Most pensions will not allow in-service withdrawals but some will allow loans. While you are working for your employer, you typically may not withdraw money from your Defined Benefit Plan. The IRS permits plan loans if the plan administrator permits it. In-service withdrawals are possible after age 62, meaning money can get taken out before separation from service. If you leave your employer before retirement, the funds are usually kept in a Trust until you reach retirement age (or until a specified age at which you can start to receive the benefits). Continue reading...

What is a Dividend Rollover Plan?

Dividend rollover plan is another, rarely used way to refer to a Dividend Reinvestment Plan (DRIP). Unfortunately just reinvesting dividends in a systematic way will not get you out of any tax implication associated with the dividends attributed to your account. An automatic dividend reinvestment plan (DRIP) is an option in some investment accounts and financial products. Any dividends paid out will be reinvested in the same mutual fund, ETF, or stock at the earliest possible opportunity. Continue reading...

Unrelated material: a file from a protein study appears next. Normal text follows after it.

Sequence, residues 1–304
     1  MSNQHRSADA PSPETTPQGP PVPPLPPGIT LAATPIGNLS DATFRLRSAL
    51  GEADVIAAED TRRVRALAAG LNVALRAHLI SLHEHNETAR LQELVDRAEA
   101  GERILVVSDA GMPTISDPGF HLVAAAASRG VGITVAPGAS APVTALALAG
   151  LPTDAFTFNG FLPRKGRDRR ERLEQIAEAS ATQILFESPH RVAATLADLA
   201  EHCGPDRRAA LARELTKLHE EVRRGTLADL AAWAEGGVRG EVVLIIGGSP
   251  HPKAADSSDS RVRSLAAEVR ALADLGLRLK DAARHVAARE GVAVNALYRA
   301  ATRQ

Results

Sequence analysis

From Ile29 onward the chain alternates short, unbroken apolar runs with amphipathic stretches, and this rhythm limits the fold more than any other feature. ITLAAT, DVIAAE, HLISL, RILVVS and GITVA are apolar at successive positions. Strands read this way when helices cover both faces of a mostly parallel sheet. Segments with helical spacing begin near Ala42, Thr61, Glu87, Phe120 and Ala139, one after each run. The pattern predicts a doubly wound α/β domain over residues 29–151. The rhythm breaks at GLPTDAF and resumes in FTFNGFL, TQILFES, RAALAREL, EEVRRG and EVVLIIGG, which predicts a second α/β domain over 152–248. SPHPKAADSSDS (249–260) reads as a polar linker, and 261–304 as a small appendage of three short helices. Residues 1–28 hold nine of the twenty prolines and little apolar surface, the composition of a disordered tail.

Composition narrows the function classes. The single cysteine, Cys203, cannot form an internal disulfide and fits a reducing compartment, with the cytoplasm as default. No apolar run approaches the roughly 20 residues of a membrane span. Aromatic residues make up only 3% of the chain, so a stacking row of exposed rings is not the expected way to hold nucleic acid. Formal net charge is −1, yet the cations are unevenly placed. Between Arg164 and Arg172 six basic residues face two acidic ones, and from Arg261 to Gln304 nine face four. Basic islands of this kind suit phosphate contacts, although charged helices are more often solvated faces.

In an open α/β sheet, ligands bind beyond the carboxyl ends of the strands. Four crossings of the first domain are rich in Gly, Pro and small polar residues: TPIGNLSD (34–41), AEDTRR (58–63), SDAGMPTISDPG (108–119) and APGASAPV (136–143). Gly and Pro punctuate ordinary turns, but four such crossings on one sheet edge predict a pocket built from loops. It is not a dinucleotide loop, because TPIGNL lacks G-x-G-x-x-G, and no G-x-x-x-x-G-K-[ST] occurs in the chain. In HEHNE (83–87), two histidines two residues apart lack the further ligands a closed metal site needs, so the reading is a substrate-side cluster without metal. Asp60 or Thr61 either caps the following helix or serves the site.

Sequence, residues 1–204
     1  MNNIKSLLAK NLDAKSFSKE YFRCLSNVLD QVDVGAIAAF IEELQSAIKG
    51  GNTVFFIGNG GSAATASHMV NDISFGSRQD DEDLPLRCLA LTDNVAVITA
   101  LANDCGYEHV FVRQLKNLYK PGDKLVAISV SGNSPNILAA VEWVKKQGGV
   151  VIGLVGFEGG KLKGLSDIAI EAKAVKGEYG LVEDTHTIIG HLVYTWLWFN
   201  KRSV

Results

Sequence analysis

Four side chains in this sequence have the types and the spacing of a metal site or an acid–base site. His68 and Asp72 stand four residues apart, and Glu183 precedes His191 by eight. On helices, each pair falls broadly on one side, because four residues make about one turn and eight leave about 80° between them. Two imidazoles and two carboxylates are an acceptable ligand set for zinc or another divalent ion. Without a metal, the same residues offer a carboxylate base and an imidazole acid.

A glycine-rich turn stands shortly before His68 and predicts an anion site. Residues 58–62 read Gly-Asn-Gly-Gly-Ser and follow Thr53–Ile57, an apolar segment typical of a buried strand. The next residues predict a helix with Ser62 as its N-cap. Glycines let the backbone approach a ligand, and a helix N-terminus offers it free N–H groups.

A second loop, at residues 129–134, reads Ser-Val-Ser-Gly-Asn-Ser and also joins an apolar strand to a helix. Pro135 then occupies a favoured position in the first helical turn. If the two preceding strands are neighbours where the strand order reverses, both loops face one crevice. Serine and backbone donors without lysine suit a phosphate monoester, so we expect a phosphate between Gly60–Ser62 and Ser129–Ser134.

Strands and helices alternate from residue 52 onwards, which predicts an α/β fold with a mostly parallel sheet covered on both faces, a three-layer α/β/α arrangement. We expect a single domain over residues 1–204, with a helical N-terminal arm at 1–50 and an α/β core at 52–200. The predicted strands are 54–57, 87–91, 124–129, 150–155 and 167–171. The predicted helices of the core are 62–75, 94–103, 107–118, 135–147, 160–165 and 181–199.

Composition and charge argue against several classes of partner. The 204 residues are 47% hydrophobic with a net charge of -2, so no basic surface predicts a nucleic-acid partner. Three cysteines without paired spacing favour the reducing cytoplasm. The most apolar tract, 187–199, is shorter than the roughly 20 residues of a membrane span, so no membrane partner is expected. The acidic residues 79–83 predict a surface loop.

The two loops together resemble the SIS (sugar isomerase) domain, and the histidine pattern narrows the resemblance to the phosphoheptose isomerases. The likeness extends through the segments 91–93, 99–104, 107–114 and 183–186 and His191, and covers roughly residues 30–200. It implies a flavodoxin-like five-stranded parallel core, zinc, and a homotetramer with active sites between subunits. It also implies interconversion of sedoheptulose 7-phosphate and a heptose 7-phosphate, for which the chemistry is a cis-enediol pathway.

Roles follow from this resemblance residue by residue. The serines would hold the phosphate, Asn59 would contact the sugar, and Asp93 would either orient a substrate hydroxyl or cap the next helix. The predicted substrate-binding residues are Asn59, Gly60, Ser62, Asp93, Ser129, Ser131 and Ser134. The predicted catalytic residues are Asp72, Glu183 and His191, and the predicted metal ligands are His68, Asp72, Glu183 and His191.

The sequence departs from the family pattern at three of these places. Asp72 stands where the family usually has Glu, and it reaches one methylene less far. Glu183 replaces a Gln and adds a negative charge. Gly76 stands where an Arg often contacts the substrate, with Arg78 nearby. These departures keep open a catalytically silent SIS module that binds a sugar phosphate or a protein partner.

What are the 457 Plan Contribution Limits?

Contribution limits depend on if you are making contributions as a government employee, a non-profit employee, or a highly compensated employee. Government employees can defer up to $18,000, plus a $6,000 catch-up contribution for those over 50, in 2016. These plans use the same elective deferral limits as 401(k)s. A non-governmental, non-profit employee can only contribute the $18,000, and is not allowed to make the $6,000 catch-up. Both of these types of employees are allowed to use the alternate catch-up provision of 457s, however. Continue reading...

Who Offers Defined Benefit Plans?

Who Offers Defined Benefit Plans?